During the past 20 years it has become stylish for rock and roll stars to “rediscover” the Great American Songbook. Rod Stewart made a series of albums, while vocalists like Linda Ronstadt and Christina Aguilera have dolled themselves up to smolder their way through torch songs. And it seems like any artist who wants to be taken seriously trots out a duet with Tony Bennett.
This may seem like a relatively recent phenomenon, despite the occasional foray during the 1980s by people like David Lee Roth doing b-movie sendups of Louis Prima, or the 1990s “Mambo #5” homage to Perez Prado. Fact is, this is nothing new at all.
Ella and Frank
The first attempts to preserve and re-promote “traditional pop” really began in the mid 1950s when Frank Sinatra began revisiting songs he had performed just over a decade earlier. But it really took off in 1959 when Ella Fitzgerald struck gold with an album strictly comprised of Gershwin songs. It was a statement that this music, this page from the great American songbook, was more important and more lasting than the rock and roll du jour being played on the radio at the time.
Even these efforts were not really nostalgia, just new arrangements and recordings of favored songs. During the early 1960s most of the older stars of the late 1940s had moved on to new record labels, and offered up new recordings of old favorites. Artists like Dinah Shore and Frankie Laine are prime examples. There were still plenty of fans for this music, and so the records still sold well. It wasn’t so much a nostalgia trip as it was a way to have the songs on a single stereo LP versus a stack of brittle and scratchy 78s. Keep in mind, as of 1962, the heyday of the late 1940s was barely just a dozen years in the past.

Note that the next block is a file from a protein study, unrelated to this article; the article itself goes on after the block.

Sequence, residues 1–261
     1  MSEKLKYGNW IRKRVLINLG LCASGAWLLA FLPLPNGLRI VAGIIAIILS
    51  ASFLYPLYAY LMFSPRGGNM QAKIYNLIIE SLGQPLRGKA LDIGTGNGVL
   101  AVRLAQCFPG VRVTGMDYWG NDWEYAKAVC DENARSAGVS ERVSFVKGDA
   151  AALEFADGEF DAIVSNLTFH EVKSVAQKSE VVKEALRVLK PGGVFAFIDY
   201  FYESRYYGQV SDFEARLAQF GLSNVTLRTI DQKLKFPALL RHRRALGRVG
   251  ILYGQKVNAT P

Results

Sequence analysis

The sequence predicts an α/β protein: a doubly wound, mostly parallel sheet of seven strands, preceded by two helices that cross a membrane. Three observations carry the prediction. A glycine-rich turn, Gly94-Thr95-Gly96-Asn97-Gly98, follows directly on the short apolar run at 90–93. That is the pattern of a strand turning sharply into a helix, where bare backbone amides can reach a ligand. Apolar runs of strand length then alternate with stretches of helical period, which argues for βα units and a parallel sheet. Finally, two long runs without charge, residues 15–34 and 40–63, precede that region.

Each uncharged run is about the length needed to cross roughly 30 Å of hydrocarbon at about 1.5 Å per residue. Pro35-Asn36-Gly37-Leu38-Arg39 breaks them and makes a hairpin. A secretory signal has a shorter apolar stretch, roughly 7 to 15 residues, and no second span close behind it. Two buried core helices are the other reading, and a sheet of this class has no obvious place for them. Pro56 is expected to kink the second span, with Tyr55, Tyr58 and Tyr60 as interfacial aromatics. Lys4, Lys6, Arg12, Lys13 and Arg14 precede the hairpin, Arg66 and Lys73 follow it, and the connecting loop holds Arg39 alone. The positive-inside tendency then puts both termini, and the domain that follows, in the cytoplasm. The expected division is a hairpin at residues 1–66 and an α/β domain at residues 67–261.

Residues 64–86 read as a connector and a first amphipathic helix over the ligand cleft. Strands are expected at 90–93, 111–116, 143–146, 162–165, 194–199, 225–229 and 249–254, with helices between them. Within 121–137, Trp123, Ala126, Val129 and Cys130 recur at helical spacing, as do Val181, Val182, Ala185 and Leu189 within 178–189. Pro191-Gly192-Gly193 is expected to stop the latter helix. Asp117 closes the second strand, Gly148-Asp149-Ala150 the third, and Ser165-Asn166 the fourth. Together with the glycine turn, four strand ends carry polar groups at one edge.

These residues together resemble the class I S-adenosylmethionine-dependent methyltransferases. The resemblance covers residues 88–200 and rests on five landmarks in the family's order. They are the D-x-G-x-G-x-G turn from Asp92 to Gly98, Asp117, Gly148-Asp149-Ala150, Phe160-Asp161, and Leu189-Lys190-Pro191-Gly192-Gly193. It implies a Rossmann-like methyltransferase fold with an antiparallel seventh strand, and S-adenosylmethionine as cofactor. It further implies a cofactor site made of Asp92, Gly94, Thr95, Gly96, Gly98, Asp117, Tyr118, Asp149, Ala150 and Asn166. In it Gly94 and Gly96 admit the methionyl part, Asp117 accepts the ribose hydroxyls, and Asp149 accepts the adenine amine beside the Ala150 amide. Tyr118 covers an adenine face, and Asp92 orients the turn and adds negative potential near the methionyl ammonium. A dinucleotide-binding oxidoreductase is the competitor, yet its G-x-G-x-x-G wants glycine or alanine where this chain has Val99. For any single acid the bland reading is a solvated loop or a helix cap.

More importantly, the Great American Songbook was still very much a work in progress during the 1960s. Bobby Darin’s “Mack the Knife” was typical of the time, and despite the onslaught of rock and roll, traditional pop was still a mainstay. Perry Como no longer had a weekly TV show, but was under contract for specials at least twice a year. Dean Martin had a new show, and Andy Williams kept things in prime time each week. Burt Bacharach was composing the soundtracks of the day — the sound of American Popular song hadn’t gone anywhere.
But it was different, the music had changed. Some of the greats were either showing their age or beginning to die off. By the late 1960s, big budget movie musicals were no longer a guaranteed hit at the box office. Slowly but surely, there was a growing recognition that traditional pop of the 1930s and 1940s was being lost to the ravages of time.
Enter The Tikis
In 1967, Warner Brothers bigwig Lenny Waronker decided that he wanted to try his hand producing a special version of Paul Simon’s “59th Street Bridge Song,” better known as “Feelin’ Groovy.” He brought in a Southern California band called The Tikis, which featured the vocals of Ted Templeman and Dick Scoppetone. The resulting single was such a departure from The Tikis sound that Waronker released the record under the name of Harper’s Bizarre, allegedly to prevent alienating any Tikis fans. The record was a huge success, enough that Templeman, Scoppetone & company said to heck with the Tikis. An album deal was made, and the group worked toward perfecting the new sound.
The new sound soon evolved into an old sound. Waronker and Templeman began working with songwriters, producers and arrangers like Randy Newman, Harry Nilsson, and Van Dyke Parks (featured in one of our “Forgotten Gem” articles), each of whom were more in tune with traditional pop than with contemporary rock. Almost immediately the group began exploring the songs of Cole Porter, and sort of found their way to a baroque-pop sound.